English football clearly recognises it has a problem in developing world-class footballers.
The money is there and the facilities are there, but the national team’s prolonged lack of success has acted as a wake-up call that somewhere the system is broken.
The response of the clubs was the introduction of the Elite Player Performance Plan in 2012 to ensure the best young players get access to the best coaching and facilities earlier.
The Football Association, meanwhile, unveiled an ‘England DNA’ philosophy in 2014 which is ‘about developing players with outstanding technical and tactical abilities as well as physical attributes and psychological and social characteristics’.
That is key. Back in 2011, the FA revealed that 57% of players at Premier League Academies in 2008-09 were born between September and December, making them the oldest children in their school years. Just 14% were born between May and August.
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For far too long, English youth football has focused too heavily on physicality over technique.
It has been opined that Lionel Messi, who had a growth hormone deficiency as a child, may not have made the grade had he grown up on these shores.
Clearly, however, this is not a problem in Spain. Barcelona were so convinced by Messi’s talent that they agreed to pay for his medical treatment to get him to Catalonia, while the national team’s ultra-successful midfield partnership of Xavi and Andrés Iniesta is a pretty clear sign that physicality is far from the most important attribute when it comes to developing homegrown players.
No matter what changes the English FA and leagues implement at a national level, however, there is still a huge reliance on grassroots scouts and academy coaches to spot talent.
David Cartlidge is an English journalist that has worked as a youth and academy scout in Spain for several years. He answered some of our questions about his role and youth football in the country…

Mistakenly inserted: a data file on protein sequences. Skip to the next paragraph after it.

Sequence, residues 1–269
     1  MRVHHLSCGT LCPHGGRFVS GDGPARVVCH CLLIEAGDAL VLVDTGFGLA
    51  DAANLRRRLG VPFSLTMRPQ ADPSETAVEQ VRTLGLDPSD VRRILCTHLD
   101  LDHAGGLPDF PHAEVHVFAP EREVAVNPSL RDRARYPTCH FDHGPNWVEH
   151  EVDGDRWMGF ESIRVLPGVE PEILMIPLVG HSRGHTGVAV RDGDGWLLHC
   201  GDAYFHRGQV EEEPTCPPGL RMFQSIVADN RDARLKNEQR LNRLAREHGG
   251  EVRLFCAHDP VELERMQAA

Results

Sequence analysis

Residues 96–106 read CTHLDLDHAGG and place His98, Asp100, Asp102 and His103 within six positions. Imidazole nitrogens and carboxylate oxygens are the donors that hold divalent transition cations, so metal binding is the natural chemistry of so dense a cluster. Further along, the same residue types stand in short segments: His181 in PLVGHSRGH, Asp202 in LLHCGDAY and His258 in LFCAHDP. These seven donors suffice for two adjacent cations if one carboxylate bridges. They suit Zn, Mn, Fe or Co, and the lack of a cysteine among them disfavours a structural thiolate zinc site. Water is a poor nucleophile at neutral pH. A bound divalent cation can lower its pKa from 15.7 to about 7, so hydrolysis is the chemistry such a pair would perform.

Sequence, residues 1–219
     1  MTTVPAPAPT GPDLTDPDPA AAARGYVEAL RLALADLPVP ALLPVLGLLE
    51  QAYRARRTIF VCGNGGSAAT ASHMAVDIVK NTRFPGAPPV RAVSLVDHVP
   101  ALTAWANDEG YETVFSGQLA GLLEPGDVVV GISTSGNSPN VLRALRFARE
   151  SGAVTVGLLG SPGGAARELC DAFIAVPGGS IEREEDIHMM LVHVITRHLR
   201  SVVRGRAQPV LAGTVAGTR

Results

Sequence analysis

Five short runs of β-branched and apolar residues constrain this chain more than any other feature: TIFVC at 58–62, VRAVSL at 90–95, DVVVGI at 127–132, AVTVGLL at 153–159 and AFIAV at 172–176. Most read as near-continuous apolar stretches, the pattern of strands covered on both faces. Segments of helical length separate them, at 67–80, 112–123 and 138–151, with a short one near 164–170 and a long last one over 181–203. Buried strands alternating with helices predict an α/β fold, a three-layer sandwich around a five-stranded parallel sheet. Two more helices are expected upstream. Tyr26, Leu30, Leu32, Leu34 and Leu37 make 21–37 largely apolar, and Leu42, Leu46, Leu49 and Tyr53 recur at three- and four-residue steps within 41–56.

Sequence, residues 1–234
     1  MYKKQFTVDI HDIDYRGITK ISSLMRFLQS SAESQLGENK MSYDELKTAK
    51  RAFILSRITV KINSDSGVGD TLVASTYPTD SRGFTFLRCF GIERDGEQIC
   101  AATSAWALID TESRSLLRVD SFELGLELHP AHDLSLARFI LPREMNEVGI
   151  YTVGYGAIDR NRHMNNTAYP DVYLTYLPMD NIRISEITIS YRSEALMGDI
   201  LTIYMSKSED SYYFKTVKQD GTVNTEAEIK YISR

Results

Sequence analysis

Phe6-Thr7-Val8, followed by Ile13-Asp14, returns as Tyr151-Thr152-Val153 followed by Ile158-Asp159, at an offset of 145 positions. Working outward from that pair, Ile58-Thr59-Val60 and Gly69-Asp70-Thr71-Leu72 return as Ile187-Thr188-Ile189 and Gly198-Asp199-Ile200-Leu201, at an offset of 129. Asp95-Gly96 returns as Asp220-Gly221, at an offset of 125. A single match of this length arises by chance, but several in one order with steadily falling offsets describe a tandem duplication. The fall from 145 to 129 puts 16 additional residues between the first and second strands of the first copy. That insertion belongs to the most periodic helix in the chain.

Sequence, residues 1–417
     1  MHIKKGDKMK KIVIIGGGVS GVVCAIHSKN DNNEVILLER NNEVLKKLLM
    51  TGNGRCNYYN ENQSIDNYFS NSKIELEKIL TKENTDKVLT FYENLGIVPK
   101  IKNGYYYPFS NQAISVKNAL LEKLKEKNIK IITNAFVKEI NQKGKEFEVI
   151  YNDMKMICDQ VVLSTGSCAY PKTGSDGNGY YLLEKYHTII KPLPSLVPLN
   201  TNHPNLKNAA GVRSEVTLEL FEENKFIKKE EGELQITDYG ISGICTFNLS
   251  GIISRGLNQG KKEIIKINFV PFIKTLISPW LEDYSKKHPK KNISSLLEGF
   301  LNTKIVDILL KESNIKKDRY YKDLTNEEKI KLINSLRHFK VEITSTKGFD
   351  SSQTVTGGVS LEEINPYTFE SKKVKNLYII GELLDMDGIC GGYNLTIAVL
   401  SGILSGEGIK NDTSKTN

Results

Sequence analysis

– Hi David. First of all, how did an English journalist end up scouting for clubs in Spain?
“I moved out to Spain in a journalist capacity many years ago, and in doing so I built up several connections.
“My articles have always been based on player analysis, focusing on their progression and particular attributes. It felt like the sensible thing to move into scouting from then on.
“I had always been asked for opinions and information on players from people at clubs, be it coaches or scouts. Some of those I regularly spoke with suggested I take it a bit more seriously, and I did exactly that.
“I started in a capacity of offering reports on individual players for an agency, and from then on I was approached for work as opposed to me reaching out.
“Several players I took a big part in scouting and offering information on moved to clubs on the basis of my work. Several went from Segunda to La Liga, even some from Spain to the Championship and Premier League. It has basically grown from there.”
– What is your role exactly, and what does it consist of?
“Currently, I’m between two clubs in La Liga and La Liga1|2|3 with an affiliation with each other. This is a role employed directly by those clubs. We watch players already in their system, but also potential players who could become available to them.
“Several teams in Spain have an affiliation like this. For instance, Xabi Alonso was picked up by Real Sociedad after excelling at Antiguoko. They’re teams that have a link.
“I’m working in a similar capacity, identifying the players at these smaller clubs for the bigger clubs. It’s young players generally, in some cases very young. Youth football has always been my strength.